formerly "The View From Up Here"

Formerly titled "The View From Up Here" this column began in the Liberty Gazette June 26, 2007.

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February 22, 2011 Lance Borden, part 3

The Liberty Gazette
February 22, 2011
Ely Air Lines
By Mike Ely and Linda Street-Ely

Last week we left you in 1968, at the height of war in Vietnam. 21-year-old Lance Borden had found himself in the middle of neighboring Laos; his primary job, repairing and replacing radio equipment in the North American T-28s flown by Laotian and Thai pilots and the Cessna 0-1 Birddogs flown by the group known as The Ravens. If no radio work was needed, Lance helped load and arm bombs and rockets and aided in pulling the T-28 props through during the starting sequence of their big radial engines. He helped fuel airplanes, which at first was out of 55-gallon drums using hand pumps. The fuel truck was a welcome piece of equipment.

If a pilot returned from a mission and needed radio work, he signaled Lance by cupping his hands over his ears, and Lance, in his agile youth, would leap and grasp the plane’s big machine gun and flip himself up on to the wing. The pilot would tell him the problem with his radios and he’d fix it. This went on until December, 1968, when Lance went further “up country” to a special operation in Moung Soui, Laos.

Linda: Moung Soui was labeled Lima 108 on military maps. Its runway was made of Pierced Steel Planking (PSP). The metal mat made a quick-build runway overlaying red dirt where nothing grew because of the Agent Orange dropped there regularly. There was little shelter against the elements or enemy, just a couple small buildings and some bunkers in case of attack. The men spent most of their time on the flight line; Project 404 was the name of their program–code name: Palace Dog.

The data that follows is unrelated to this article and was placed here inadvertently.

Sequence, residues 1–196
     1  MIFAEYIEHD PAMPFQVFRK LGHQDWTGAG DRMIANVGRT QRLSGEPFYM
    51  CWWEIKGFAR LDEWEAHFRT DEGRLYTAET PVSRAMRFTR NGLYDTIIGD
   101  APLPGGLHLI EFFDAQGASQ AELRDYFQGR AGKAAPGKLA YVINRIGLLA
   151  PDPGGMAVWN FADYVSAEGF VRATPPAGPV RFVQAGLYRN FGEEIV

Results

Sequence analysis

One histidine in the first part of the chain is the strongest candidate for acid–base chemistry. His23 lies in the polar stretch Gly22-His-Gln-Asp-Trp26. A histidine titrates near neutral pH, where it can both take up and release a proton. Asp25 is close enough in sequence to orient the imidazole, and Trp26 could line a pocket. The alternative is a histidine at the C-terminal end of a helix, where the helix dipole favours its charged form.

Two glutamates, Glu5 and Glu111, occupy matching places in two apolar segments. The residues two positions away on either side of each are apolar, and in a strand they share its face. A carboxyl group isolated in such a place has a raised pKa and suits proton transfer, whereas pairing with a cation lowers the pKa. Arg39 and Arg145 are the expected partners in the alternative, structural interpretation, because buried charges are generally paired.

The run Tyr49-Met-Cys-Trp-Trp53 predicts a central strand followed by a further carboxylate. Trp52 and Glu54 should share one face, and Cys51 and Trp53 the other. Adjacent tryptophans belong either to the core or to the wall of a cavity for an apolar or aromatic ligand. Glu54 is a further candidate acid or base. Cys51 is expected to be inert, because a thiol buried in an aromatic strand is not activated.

Leaving the base at Udorn before sunrise, Lance flew 30 to 40 minutes to Vientiane, waited for another C-46 that took another hour to arrive in Moung Soui. He worked all day as airplanes took off on sorties and returned to be refueled and rearmed, then did it all again. The fighting was close; the T-28s’ missions rarely lasted more than 30 minutes. The Birddogs might fly for a couple hours. Most of the U.S.-supported Hmong controlled the high mountaintop ground. The Pathet Lao and North Vietnamese controlled the valleys. At day’s end Lance and the others boarded another shuttle returning to Udorn. They’d worked all day in Moung Soui supporting the air operations. Returning to Udorn, they changed into their USAF fatigues, then once off base, changed back to civvies to go out partying all night – youth.

Mike: Every once in a while Lance rode along in 0-1 Birddogs on missions; the pilots even let him fly. He saw them fire their rockets; Birddogs carried 2.5” diameter FFARs – Folding Fin Aerial Rockets, two per side. U-17s (Cessna 185s) carried four per side. Then he watched the T28s diving in afterwards, performing their air strikes. He rode in the back of a T-28 once, carrying cluster bombs on a combat mission. They flew into a fortification, saw the shooting below, dove in, dropped their load, pulled up and rolled inverted to watch where they hit – impressive for an adventurous young man. But as he returned to his duties he knew the war wasn’t far away.

Next week we’ll tell of Lance’s final assignment in Laos before returning State side. Until then, blue skies.

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